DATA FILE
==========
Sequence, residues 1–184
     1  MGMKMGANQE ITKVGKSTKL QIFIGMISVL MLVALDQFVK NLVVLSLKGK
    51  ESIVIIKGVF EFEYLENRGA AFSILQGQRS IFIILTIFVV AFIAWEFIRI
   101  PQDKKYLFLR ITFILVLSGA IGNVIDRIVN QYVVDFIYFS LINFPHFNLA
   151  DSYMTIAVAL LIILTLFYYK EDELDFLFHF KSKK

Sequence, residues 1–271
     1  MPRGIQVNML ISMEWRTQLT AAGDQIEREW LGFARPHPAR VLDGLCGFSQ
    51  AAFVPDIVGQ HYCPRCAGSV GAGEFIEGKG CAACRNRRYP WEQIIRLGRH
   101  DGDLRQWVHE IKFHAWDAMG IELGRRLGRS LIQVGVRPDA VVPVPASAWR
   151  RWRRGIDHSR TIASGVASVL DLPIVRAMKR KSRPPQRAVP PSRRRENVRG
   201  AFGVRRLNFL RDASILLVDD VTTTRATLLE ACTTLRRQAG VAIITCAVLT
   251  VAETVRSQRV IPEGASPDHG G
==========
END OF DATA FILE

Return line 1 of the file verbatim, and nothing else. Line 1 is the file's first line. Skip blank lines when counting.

Sequence, residues 1–184